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2022 in Review and a Look at 2023

Updated: Dec 8, 2023

Happy New Year! And welcome to 2023. I will be a little longer than usual in this year's update and touch on three points. The first is a tool some of you utilize called “Ready to Check-In?”, which I send out monthly. Second, there is a lot of noise around higher interest rates and inflation so let's put at least some of that into perspective. Lastly, I want to point out that although the media makes this downturn sound different from previous Bear Markets, it is likely not based on history. We need to have a plan and stay with the plan.


Consider using that 'Ready to Check-In' feature each month, or at least periodically, and it can help you keep a long-term perspective. After answering two straightforward questions that do not change the report, it will show you how often your specific portfolio has had positive outcomes over one year. Then you can click and see the same answer based on three years, and then again based on five years.


Here's what it might look like:


Using this example, the portfolio above has a positive return 95% of the time when looking at it from a three-year perspective, and 100% of the time when looking at it from a five-year perspective. The other reality is this portfolio does lose money in one out of five years, which is why 2022 returns should not be a surprise, nor is it the end of the world. Next time you receive the Check-In email, consider answering the two questions and see how your portfolios have done over those three-time frames. We have quite a few portfolios that have not lost money in the three-year period of time. See how yours has done over these three-time frames, or call me, and I will show you via a Zoom call.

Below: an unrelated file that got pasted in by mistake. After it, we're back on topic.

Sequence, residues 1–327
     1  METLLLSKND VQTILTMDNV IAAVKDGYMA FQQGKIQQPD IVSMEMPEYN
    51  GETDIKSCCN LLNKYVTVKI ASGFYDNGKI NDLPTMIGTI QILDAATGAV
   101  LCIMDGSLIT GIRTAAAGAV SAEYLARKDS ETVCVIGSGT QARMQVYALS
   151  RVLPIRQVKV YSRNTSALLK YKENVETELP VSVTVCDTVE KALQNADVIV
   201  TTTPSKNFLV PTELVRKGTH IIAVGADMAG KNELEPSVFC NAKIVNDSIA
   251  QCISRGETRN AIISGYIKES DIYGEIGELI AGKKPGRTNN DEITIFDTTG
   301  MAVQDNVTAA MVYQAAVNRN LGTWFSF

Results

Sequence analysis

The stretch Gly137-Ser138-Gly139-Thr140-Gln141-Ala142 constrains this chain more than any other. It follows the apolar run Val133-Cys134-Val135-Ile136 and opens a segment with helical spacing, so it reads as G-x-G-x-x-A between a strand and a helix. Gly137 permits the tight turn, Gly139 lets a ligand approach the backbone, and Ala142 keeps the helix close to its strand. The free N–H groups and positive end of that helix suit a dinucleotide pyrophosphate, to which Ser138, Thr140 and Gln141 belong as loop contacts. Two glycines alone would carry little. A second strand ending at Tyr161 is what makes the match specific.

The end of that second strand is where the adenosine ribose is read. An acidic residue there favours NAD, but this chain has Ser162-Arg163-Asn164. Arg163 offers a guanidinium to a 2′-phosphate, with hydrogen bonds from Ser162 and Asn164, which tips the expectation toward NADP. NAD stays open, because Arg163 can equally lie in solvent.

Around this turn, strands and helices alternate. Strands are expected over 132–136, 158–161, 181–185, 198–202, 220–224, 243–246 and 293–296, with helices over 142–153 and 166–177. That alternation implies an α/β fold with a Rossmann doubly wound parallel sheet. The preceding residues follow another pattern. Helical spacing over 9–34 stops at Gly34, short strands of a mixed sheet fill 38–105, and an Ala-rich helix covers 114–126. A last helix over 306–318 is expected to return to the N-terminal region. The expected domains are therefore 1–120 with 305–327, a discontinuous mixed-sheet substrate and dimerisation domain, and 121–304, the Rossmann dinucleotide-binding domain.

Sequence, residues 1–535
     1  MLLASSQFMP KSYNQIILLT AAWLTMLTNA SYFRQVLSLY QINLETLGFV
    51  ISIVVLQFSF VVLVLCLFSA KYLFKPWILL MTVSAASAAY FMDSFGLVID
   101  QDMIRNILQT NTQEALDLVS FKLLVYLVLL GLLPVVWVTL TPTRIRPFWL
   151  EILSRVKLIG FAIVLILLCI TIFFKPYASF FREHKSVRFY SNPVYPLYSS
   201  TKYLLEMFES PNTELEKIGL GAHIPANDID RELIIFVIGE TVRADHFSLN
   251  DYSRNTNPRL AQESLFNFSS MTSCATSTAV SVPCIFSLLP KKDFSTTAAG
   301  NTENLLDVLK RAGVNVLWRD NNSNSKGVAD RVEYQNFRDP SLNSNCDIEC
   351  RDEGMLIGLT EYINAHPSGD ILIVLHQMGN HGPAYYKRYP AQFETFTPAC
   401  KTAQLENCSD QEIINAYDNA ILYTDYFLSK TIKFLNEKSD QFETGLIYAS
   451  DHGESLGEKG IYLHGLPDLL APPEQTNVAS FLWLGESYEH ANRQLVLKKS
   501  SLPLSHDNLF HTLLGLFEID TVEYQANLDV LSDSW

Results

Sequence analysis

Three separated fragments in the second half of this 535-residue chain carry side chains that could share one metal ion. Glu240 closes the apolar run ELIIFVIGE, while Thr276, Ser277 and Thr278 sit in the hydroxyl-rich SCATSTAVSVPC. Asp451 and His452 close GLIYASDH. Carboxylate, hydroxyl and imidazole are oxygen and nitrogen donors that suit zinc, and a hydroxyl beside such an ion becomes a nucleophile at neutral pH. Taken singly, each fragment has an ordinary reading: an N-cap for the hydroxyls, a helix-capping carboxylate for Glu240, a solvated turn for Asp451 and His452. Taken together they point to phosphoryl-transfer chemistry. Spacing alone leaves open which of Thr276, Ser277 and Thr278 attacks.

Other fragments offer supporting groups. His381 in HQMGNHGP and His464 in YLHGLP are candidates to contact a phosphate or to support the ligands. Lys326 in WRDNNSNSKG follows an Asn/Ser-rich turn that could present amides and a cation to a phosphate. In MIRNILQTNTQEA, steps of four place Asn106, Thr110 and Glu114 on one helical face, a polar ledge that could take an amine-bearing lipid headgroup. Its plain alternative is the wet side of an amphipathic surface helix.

We try to keep you focused on a long-term perspective because much of the media — the talking heads on TV and the radio, financial channels, and so-called investment experts — seem to focus and report on short-term movements. We are not invested based on just one year but over your lifetime. And this is why we want you to have your investments invested based on “Time and Purpose.” Which summarized means to have a Now, Soon, and Later Bucket and invest assets in each bucket accordingly.


As we enter 2023, let's look at interest rates and inflation. I see these as one positive, and one adverse event from an investment perspective in 2022. As you likely know, most financial events are connected, and these two events are very connected. Adding some context and putting them into perspective can help guide us as we make long-term financial decisions together.


One Positive